American Sphinx Summary & Study Guide

Joseph Ellis
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American Sphinx Summary & Study Guide Description

American Sphinx Summary & Study Guide includes comprehensive information and analysis to help you understand the book. This study guide contains the following sections:

This detailed literature summary also contains Topics for Discussion and a Free Quiz on American Sphinx by Joseph Ellis.

American Sphinx traces the trajectory of Thomas Jefferson's life at key points in his career. Author Joseph Ellis focuses on Jefferson's high points of achievement. These include the writing of the Declaration of Independence, Jefferson's sojourn in Paris and his first term as president. Two of Jefferson's respites at his beloved plantation, Monticello, are also included. This technique allows Ellis to focus on Jefferson's most outstanding achievements while glossing over embarrassments such as Jefferson's term as Governor of Virginia. The prologue and appendix of the book address the most burning question that people often have about Jefferson, his alleged relationship with one of his slaves, Sally Hemings.

As a stylish young aristocrat, Jefferson traveled to the first Continental Congress in Philadelphia in 1775. Jefferson was surrounded by brilliant speakers in Philadelphia, including John Adams and Ben Franklin. Throughout his life, Thomas Jefferson was a poor public speaker. Public speaking was so awkward for the tall sandy-haired young man that when he was in Virginia, he composed a list of important points for his fellow legislators to consider in drafting a state constitution. When it came time to address the assembly, Jefferson pled illness and simply sent the written list.

Jefferson's list was so successful that it was published throughout the colonies as "A Summary View of the Rights of British America." The pamphlet was met with great acclaim, and among the revolutionaries, Jefferson's reputation as a writer preceded him. The Congress gave Jefferson several assignments. He was chosen to serve, with John Adams and Ben Franklin, on a committee to draft a Declaration of Independence justifying the war. Adams was aware that he and Franklin would be called upon to debate the Declaration, so he chose the committee member with the lowest profile to draft the resolution. According to Adams, Jefferson did it in "a day or two."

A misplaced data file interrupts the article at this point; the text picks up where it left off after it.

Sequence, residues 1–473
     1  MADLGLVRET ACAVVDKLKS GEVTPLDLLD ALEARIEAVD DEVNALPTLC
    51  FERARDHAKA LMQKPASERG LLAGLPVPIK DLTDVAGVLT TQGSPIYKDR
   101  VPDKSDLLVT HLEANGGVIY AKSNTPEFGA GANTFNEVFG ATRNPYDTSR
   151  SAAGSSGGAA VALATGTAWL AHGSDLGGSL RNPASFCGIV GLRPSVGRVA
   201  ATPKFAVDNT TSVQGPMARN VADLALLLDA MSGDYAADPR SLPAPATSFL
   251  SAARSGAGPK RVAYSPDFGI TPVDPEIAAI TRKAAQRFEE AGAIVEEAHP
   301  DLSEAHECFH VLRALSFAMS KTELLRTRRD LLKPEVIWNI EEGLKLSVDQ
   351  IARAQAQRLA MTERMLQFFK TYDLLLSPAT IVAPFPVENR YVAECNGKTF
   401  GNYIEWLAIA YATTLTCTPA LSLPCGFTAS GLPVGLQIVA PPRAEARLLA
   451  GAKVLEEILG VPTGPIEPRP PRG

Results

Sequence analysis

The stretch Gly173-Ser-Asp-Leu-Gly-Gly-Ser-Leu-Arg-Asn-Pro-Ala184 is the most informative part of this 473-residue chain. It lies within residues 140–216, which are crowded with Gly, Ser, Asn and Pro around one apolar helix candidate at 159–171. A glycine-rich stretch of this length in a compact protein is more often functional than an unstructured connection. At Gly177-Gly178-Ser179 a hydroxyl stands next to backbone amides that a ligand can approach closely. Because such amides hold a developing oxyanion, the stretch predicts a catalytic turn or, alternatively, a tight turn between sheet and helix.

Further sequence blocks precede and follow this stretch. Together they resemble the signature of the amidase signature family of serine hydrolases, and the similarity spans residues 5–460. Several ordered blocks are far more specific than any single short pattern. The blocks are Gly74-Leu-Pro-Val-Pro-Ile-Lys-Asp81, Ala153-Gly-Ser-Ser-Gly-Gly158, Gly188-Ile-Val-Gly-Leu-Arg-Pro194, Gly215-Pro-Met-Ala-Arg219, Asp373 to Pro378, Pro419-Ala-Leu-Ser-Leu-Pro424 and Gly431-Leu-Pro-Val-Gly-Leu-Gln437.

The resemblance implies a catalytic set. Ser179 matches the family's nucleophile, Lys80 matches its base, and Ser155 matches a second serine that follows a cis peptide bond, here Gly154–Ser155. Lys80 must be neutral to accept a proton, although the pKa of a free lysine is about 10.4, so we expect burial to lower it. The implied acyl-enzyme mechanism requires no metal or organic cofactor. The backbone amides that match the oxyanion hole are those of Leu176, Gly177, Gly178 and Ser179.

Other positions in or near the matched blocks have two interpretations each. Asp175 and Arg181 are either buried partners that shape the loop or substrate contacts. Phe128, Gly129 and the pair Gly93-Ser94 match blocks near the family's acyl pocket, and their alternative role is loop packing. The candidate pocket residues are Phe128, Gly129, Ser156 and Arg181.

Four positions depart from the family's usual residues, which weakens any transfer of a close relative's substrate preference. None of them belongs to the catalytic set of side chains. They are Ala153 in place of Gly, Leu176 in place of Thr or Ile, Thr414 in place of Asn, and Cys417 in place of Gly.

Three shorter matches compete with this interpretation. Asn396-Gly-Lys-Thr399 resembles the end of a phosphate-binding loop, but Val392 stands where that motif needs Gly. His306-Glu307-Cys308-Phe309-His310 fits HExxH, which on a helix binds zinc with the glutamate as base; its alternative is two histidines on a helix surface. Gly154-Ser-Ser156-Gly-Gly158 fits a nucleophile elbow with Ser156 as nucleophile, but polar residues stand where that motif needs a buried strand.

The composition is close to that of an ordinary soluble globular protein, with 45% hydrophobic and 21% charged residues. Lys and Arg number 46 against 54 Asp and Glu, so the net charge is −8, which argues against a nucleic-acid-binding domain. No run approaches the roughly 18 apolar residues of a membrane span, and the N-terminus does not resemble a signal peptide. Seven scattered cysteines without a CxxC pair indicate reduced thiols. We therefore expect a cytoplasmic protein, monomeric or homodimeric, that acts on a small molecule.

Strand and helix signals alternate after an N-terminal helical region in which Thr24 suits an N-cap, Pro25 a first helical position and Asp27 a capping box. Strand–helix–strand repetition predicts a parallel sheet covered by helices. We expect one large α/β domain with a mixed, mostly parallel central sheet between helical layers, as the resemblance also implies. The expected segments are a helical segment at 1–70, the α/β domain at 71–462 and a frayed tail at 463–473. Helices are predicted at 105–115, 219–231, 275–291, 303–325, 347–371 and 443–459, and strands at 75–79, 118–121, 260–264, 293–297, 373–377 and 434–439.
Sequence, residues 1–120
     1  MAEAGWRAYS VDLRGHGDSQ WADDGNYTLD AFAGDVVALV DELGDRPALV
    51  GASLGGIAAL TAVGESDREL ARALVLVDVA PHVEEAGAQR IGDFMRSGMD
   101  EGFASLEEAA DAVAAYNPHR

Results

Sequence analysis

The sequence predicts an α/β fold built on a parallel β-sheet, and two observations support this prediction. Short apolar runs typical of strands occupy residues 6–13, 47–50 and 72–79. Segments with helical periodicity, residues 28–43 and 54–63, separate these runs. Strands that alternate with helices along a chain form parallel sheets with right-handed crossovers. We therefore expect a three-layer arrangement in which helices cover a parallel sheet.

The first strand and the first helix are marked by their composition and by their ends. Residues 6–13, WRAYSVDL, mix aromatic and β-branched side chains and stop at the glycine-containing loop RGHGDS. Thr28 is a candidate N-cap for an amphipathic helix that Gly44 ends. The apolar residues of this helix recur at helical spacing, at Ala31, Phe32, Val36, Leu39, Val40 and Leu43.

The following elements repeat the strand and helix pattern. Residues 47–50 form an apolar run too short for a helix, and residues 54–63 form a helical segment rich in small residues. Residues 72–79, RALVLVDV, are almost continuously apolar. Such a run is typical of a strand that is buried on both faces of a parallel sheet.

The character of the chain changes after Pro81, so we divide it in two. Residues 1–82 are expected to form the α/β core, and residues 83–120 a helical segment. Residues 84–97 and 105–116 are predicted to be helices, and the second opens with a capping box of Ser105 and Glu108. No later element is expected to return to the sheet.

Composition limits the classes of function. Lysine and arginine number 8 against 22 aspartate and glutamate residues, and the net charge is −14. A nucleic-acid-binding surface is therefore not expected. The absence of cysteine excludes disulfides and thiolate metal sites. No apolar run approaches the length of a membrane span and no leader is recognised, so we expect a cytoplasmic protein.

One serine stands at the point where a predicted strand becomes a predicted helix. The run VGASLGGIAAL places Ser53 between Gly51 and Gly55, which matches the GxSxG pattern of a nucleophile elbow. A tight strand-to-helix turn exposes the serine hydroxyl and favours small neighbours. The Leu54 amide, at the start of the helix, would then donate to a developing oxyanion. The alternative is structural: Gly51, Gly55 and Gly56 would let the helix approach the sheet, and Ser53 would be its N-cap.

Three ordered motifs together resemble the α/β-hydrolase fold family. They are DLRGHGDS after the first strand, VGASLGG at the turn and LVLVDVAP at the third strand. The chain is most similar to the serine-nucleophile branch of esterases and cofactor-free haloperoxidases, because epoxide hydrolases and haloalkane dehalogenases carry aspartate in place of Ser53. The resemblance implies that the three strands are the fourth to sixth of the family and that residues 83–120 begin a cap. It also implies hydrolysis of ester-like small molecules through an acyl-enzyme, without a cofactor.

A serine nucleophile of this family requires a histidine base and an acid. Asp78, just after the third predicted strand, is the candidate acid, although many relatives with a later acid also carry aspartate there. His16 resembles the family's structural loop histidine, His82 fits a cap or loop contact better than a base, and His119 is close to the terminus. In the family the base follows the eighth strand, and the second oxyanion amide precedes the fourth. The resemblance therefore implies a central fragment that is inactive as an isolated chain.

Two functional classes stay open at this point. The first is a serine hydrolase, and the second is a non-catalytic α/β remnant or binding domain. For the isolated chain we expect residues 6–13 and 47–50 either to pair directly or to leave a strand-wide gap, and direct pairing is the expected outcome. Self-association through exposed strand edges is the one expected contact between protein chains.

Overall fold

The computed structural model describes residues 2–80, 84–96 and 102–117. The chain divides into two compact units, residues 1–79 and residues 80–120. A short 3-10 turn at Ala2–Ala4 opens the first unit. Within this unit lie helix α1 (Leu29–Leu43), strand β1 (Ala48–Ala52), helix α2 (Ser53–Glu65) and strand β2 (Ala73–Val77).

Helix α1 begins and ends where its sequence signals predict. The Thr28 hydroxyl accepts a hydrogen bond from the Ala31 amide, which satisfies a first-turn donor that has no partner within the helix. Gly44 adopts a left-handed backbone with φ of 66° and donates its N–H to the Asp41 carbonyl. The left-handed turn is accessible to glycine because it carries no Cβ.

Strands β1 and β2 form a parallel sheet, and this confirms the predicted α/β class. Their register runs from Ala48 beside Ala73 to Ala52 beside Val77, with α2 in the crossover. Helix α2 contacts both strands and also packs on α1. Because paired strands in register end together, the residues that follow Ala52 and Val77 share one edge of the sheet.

After the war, Jefferson was sent to Paris as an ambassador. John Adams and Ben Franklin were also ambassadors to France at the time. Adams, just eight years older than Jefferson, adopted the younger man almost as a son. Jefferson, whose wife had recently died, stayed with the Adams family while he established a home. In France, Jefferson first revealed his gift for political agility. He also developed close relationships by letter with two protygys, James Madison and James Monroe.

Ellis next portrays Jefferson at Monticello after enduring a difficult term as George Washington's Secretary of State. Jefferson believed that the U.S. should be a republic, a group of autonomous states formed into a loose trade alliance. He frequently conflicted with Alexander Hamilton, the Secretary of Treasury, who favored a very strong centralized government. Ultimately, Jefferson ran for president against his old mentor John Adams and lost. During his sojourn at Monticello, Jefferson healed his wounds sufficiently to consider another run for president. This time he was victorious.

Jefferson's stellar first term as president is highlighted. During this time, Jefferson repaid a significant national debt. The U.S. enjoyed a prosperous economy and international harmony. Most importantly, Jefferson led the purchase of the Louisiana Territory from Napoleon, doubling the size of the U.S. overnight. Ellis skips over Jefferson's insignificant second term to focus on his waning years at Monticello, especially his renewed correspondence with his old friend and nemesis, John Adams. Providentially, both men died on the same day: July 4, 1826, exactly 50 years since the publication of the Declaration of Independence.

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